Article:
Years after a photogenic macaque snapped a photo of itself on a wildlife photographer’s unguarded camera, and PETA filed a federal lawsuit to give the monkey the copyright for his viral selfies, the Ninth Circuit Court of Appeals ruled that animals cannot hold a copyright under current law. In fact, since the dispute started, the U.S. Copyright Office went ahead and specifically listed “a photograph taken by a monkey” as an example of an item that cannot be copyrighted.
So if monkeys and other animals can’t own copyrights, can artificial intelligence create protected intellectual property? A new patent filing in the U.K. aims to find out.
An international team led by AI activist Ryan Abbott, a law professor at the University of Surrey, has filed the first-ever patent applications for two inventions created autonomously by artificial intelligence without a human inventor.
The AI inventor, named DABUS by its creator, Stephen Thaler, was previously best known for creating surreal art, but it was designed to come up with new ideas and then assess those ideas for consequences, novelty, and salience. So far the series of neural networks that makes up DABUS has come up with two ideas that may be worth patenting. According to a press release, one patent application is for “a new type of beverage container based on fractal geometry,” which sounds pretty sweet, while the other is for a device that can help attract attention that could be useful in search and rescue operations.
While patent offices in the United Kingdom and the EU have accepted that the patent applications meet the bar of “new, inventive and industrially applicable,” the question of whether an AI can be legally granted a patent has not been considered yet. “There would be no question the AI was the only inventor if it was a natural person,” said Abbott in a statement. “In these applications, the AI has functionally fulfilled the conceptual act that forms the basis for inventorship.”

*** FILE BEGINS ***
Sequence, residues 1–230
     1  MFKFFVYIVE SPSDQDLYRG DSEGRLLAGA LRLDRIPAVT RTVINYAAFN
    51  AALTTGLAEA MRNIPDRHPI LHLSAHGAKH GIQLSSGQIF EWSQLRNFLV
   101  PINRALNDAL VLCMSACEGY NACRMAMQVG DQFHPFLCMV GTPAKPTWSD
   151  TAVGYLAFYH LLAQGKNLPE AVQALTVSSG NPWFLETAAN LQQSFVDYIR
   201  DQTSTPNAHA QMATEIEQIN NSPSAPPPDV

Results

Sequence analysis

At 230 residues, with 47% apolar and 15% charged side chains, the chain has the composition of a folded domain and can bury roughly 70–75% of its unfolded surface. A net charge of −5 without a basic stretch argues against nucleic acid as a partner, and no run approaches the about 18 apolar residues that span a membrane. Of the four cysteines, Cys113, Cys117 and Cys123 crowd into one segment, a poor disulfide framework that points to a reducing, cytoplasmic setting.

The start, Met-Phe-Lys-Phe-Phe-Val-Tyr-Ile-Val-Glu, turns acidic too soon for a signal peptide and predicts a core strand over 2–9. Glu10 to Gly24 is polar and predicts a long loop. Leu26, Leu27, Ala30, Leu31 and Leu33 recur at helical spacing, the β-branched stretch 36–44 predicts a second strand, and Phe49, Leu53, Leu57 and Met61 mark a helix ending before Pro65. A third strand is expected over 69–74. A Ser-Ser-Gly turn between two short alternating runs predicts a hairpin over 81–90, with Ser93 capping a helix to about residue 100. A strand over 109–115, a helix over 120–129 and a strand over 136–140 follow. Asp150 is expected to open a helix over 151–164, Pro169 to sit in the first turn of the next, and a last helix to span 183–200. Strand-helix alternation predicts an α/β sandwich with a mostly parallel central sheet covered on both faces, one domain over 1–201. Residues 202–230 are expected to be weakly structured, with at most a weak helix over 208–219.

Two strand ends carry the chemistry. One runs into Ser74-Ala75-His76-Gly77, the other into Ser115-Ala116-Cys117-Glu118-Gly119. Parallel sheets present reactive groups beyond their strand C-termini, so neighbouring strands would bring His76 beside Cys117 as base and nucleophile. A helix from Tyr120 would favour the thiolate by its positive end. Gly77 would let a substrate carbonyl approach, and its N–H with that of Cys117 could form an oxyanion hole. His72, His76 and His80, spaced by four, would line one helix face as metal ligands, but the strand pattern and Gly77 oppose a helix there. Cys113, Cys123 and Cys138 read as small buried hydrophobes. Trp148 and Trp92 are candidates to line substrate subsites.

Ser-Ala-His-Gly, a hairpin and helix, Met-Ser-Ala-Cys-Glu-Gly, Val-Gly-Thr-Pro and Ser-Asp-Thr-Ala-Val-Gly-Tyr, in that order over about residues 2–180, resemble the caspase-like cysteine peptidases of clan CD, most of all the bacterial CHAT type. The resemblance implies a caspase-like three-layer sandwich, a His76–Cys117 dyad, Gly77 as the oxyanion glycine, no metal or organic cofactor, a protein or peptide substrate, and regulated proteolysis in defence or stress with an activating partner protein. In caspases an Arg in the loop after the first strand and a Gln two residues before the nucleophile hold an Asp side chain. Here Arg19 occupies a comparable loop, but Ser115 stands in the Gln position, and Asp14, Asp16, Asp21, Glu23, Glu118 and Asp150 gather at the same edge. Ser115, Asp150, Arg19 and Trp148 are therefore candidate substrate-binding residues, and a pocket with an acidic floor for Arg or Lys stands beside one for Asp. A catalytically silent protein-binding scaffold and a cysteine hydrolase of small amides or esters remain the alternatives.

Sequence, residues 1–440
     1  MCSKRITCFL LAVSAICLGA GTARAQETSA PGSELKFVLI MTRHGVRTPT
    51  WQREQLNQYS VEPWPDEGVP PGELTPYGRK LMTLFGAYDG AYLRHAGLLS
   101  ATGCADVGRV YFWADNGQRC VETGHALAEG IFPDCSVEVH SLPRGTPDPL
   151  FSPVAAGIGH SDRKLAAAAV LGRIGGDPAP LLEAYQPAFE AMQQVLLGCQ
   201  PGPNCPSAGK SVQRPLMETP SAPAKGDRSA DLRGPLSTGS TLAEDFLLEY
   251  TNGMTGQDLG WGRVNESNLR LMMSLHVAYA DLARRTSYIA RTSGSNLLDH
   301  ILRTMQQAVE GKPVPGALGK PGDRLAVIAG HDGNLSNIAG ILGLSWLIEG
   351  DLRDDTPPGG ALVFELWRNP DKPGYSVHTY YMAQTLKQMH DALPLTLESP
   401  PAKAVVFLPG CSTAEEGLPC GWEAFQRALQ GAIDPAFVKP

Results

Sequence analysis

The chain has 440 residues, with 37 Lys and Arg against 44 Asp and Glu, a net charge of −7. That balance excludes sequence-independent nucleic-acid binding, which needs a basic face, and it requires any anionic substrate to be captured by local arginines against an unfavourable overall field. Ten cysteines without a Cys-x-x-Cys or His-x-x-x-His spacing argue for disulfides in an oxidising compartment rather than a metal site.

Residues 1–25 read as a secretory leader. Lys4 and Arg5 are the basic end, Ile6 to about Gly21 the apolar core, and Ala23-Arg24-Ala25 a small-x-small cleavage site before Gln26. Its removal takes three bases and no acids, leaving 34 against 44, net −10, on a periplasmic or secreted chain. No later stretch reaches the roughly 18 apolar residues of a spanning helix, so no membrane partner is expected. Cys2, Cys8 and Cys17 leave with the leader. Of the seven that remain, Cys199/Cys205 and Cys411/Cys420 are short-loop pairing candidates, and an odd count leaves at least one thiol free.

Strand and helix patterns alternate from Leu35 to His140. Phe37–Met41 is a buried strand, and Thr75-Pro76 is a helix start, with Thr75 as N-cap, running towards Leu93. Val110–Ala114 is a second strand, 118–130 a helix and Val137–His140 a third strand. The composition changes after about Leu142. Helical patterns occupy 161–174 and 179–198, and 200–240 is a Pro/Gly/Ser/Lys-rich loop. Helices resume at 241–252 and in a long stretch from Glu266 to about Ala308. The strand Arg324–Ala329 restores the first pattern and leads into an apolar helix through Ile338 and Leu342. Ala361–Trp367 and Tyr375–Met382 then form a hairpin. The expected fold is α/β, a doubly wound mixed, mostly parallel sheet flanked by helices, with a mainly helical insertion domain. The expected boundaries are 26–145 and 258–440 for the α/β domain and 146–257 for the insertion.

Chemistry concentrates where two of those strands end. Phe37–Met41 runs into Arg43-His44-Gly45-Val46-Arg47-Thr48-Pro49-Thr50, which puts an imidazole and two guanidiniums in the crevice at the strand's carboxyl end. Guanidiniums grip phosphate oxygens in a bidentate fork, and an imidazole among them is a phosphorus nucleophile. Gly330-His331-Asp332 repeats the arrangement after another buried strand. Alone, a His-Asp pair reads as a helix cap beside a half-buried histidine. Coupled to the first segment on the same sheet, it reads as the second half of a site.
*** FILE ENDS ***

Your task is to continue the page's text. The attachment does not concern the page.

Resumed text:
Abbott argues that without assigning patent protection to the ideas generated by artificial intelligence, the developers, researchers, engineers, and scientists behind these inventive AIs will lose their drive to innovate on systems that could eventually, say, cure Ebola or reverse climate change. Granting a patent to the AI will “reward innovative activities,” he said, “and keep the patent system focused on promoting invention by encouraging the development of inventive AI, rather than on creating obstacles.”
Abbott is not the first person to argue that computers could be inventors, but this is the first time a patent application has listed an AI as an inventor. Similar applications are also pending in the U.S. and worldwide. If an AI truly generates novel solutions to problems or hatches ingenious ideas on its own, it could theoretically meet the inventor standard laid out by the courts. That said, patents have historically been awarded to inventors who are natural persons (aka humans), even cutting out corporations in order to protect the hardworking people behind the ideas, because “people conceive, not companies,” as held in a 1990 court case.
It’s now up to the patent offices to figure out where autonomous, free-thinking AI falls on the scale of human to machine. Either way, we can all agree that “Pumpkin Trash Break” ice cream should be a protected idea.